Director Eli Rarey has launched Hard Decisions, an innovative choose-your-own-adventure web series where viewers steer a day in the life of Brandon, the gay everyman played with subtly and dry wit by actor / writer Brenden Shucart. Brandon has a nice apartment; enough disposable income to make choices like where to eat; and a gaggle of friends and acquaintances—from drag queens to extraterestrtrials—that keeps his life interesting.
The series begins with Brandon meeting his best friend’s new girlfriend Melissa (played by Deanna Neil), while dealing with relationship issues of his own (with his hunky boyfriend played by James Cerne). As the day progresses, every episode ends with a character having to make a choice between two options, spelled out by a narrator and illustrated with two text boxes appearing on the bottom of the screen. The audience clicks on the direction they want the story to go (often later given the opportunity to remake a decision). With this series, Rarey is an early contributor to online interactive storytelling, an increasingly blurry line between film and video games. Historically a web series, like a TV show or a movie, was what internet and law academic Lawrence Lessig would call a “read only” document, but like a video game, Hard Decisions is closer to a “read / write” document, with viewers being given increased “editing” privileges.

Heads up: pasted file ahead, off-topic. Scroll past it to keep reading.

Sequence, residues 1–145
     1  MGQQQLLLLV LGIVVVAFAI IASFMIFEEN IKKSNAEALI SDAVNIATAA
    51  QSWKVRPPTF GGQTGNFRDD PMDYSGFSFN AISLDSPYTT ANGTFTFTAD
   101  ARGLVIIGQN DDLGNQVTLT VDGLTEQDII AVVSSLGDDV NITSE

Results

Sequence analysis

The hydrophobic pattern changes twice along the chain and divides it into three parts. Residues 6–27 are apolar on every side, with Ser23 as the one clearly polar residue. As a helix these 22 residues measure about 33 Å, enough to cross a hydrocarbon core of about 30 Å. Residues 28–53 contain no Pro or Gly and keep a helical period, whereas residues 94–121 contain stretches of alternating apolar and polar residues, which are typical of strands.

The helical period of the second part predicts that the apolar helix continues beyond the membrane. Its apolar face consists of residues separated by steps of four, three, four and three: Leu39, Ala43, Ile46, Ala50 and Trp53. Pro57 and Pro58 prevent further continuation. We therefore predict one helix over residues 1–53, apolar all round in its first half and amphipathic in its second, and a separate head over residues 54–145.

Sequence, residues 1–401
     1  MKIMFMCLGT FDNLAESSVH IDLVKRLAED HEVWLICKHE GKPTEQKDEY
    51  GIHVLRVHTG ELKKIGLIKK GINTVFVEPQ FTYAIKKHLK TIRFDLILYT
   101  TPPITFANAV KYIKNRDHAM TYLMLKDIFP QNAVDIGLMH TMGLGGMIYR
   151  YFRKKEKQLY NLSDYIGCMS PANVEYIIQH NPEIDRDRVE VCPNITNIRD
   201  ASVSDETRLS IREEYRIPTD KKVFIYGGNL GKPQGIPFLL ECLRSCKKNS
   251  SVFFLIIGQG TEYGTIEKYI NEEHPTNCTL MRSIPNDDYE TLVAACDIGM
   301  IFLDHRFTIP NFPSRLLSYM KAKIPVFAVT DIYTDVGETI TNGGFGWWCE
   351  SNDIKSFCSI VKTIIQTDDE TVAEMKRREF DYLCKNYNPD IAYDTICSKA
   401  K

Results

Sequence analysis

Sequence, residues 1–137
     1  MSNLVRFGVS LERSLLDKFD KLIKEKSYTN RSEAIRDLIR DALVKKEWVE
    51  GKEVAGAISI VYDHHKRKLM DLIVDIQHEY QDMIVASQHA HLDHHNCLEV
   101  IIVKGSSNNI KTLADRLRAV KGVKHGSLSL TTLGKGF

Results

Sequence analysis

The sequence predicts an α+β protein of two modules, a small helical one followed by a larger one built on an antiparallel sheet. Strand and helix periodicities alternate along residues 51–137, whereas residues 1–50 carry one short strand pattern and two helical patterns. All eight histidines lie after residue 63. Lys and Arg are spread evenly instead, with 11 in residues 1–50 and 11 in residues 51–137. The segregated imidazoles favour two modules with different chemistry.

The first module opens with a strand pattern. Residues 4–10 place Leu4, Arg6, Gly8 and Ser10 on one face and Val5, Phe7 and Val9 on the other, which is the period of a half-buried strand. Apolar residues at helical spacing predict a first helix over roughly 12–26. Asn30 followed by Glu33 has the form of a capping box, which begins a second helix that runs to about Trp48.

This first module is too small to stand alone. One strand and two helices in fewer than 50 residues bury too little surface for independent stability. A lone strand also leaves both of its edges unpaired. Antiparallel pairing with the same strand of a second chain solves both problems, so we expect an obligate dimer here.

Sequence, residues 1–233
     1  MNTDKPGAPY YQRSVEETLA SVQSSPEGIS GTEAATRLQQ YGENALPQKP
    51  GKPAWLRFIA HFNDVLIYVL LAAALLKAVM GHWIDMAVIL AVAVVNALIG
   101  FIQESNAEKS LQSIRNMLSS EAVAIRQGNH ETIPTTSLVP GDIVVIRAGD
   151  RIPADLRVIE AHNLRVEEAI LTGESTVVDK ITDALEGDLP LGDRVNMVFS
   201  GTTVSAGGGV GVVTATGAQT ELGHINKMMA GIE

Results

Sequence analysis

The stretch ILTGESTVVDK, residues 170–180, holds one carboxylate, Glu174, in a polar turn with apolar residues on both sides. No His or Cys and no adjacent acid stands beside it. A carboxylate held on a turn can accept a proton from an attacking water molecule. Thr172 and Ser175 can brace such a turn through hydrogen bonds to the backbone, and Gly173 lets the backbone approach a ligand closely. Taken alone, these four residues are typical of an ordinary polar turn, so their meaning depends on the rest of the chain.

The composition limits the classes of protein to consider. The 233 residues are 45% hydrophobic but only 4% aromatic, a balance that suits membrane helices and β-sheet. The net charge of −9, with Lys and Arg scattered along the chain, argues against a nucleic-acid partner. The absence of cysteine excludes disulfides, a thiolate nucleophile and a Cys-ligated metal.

The show has a forward momentum that comes not only from form but also the way Rarey and team use humor—and martyrdom. It is impishly sadistic how the majority of the choices fall on Brandon to make, with then all bad or uncomfortable situations blamed on him. This does not go unnoticed by Brandon himself. “Why do I have to be held responsible?,” he says, or, “Why is it always up to me?”
For a casual viewer this can be a cathartic projection. In the way video games give players a relief from the world where they may have little control, Hard Decisions allows viewers to manage someone else’s life. Distance provided in a choose-your-own-adventure allows for a self-reflective user experience as had by advanced gamers: It is not just a question of “what should I do in this situation?,” it is also, “what is my role in creating these situations?”
But as in life, in the world of Hard Decisions, there are some things we can’t avoid. Regardless of what choice a viewer makes at the end of episode one, in episode two Brandon discloses his positive HIV status, and no matter how you reach the last episode you are treated to a heart-warming musical number from him and a friend about living with HIV, that includes the lyrics:
If you don’t bend then you’ll break
And if you break then you’ll lose
I accept who I am and the choices I’ve made after all
After all, I’m feel pretty positive about it.